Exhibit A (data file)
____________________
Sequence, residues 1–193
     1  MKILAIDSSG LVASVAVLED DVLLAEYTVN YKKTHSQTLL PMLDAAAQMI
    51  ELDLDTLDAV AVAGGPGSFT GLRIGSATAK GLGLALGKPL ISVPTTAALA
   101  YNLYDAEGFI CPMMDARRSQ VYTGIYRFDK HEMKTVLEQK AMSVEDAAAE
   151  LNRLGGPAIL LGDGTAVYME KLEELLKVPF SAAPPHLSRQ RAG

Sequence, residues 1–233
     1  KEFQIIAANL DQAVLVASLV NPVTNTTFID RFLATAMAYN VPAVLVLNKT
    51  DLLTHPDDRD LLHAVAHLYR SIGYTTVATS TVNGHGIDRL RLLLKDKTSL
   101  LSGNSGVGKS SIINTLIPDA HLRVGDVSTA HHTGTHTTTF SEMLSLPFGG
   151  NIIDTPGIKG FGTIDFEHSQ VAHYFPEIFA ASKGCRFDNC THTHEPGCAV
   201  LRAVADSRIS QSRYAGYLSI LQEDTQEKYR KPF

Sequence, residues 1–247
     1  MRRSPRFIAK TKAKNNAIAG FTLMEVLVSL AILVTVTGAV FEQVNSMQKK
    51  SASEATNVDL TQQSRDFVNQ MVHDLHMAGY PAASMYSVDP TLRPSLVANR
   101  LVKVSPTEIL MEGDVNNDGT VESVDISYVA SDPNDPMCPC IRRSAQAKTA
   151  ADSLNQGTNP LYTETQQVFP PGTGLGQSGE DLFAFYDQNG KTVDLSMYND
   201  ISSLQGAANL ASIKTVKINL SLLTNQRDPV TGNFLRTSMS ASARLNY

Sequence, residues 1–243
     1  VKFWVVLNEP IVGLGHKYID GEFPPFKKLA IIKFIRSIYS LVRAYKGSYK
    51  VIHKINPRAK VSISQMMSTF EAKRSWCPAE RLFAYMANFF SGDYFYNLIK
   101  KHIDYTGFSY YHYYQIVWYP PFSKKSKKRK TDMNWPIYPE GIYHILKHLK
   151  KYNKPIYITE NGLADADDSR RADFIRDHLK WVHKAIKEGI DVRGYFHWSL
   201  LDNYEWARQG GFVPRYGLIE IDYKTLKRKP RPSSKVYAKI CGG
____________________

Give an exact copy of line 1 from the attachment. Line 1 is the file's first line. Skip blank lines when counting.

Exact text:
Sequence, residues 1–193